When looking at each of the different occupations you will find the credit rating, suggestion contacts and eight skills attributed with that occupation. The last bit of important information that is given with each occupation is how many skill points you get. Different occupations have a different way of figuring how many skill points you will get to use. An example of this is an Acrobat gets skill points equal to (Edu x 2) + (Dex x 2) but a Hacker gets points equal to four times their Edu. You use these points to increase the base numbers in parenthesis for your occupation skills and credit rating. You then get a second pool of points to spend of personal skills which is calculated by Int x2, to give you a pool of skill points that you can put into other skills that you want to increase to round out your character or give them flavor.
The Fox's Rules on Credit Rating
Half and Fifth Characteristic Values
Let’s talk about Luck:
The Rest of the Sheet
There are a lot of spaces on your character sheet that goes beyond the rolling of dice. Call of Cthulhu is very role-play based as a game and there are many ways that you can make your investigator unique to you. From describing what your person looks like, their ideologies and who is "significant" to them are all things that you the player get to write on your character sheet. If you are at a loss you can roll on some of the many tables for inspiration or things to write down on your character list. There are even percentile charts (pgs. 54 & 55 of the investigator handbook) to help you create period styled names. Backstory things can be completely from your imagination or can also be done in collaboration with your Keeper to give you advantages/ knowledge of the locations of your scenario if you are a local.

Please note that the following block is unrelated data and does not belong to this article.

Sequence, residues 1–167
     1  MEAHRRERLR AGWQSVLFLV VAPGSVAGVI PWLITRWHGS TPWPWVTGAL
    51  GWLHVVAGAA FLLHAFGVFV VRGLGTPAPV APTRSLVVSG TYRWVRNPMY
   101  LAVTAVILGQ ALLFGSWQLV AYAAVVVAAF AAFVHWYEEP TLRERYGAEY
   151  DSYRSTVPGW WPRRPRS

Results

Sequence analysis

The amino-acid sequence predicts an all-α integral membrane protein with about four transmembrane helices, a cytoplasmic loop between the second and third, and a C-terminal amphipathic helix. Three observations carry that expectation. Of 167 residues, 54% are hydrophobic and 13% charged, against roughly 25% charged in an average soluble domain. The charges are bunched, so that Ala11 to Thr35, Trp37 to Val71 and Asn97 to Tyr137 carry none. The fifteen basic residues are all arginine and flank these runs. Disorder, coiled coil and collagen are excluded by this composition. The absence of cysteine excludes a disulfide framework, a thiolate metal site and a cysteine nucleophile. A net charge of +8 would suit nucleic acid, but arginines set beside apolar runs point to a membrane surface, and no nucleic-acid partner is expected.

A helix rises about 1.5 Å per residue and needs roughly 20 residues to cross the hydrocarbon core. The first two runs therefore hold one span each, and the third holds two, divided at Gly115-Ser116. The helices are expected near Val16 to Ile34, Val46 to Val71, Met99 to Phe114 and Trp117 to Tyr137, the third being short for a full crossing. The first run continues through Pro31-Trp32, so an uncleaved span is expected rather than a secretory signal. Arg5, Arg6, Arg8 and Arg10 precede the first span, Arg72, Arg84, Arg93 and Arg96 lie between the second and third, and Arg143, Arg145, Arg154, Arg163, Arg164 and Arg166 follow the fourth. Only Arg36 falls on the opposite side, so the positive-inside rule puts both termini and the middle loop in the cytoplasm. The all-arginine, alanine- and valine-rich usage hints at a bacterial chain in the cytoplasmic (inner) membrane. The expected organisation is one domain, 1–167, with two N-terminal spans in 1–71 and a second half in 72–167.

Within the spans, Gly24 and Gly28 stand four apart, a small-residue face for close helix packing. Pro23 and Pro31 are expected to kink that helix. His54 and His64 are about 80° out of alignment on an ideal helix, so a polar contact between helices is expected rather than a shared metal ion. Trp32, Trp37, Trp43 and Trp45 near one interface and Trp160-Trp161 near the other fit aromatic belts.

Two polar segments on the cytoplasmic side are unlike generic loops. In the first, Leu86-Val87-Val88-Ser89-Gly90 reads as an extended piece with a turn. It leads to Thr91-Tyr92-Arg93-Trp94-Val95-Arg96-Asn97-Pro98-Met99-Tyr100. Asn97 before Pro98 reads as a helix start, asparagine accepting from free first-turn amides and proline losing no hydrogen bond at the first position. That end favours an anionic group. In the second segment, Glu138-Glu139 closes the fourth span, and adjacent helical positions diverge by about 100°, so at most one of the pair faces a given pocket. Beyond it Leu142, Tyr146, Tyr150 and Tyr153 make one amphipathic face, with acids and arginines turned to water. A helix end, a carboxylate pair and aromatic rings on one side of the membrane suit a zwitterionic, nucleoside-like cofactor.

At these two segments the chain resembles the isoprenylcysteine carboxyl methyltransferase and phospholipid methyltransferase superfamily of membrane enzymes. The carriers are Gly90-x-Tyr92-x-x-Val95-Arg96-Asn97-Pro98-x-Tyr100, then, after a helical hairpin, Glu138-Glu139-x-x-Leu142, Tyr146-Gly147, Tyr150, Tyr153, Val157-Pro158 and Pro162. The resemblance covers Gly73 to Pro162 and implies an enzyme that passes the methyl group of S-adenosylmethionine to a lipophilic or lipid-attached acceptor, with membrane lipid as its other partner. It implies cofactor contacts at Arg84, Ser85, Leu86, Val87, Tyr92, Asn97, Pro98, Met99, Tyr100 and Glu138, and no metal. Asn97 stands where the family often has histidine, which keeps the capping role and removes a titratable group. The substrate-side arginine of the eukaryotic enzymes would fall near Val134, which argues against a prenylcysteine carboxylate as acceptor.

Remember, that there are also a ton of pre-made characters in the scenarios as well. If you are looking to see what the scenario thinks is important for a player in that scenario specifically you can look at these for inspiration. Again, there is also no reason for you to not use a pre-made character if that is what feels best for you. Other backstory pieces could be done in a session zero if you are trying to get all of your players connected (as either family members, members of the same society/university or even investigators that survived other scenarios together). Motivation and secret goals can also be fun to give to your investigators to help guide their game play.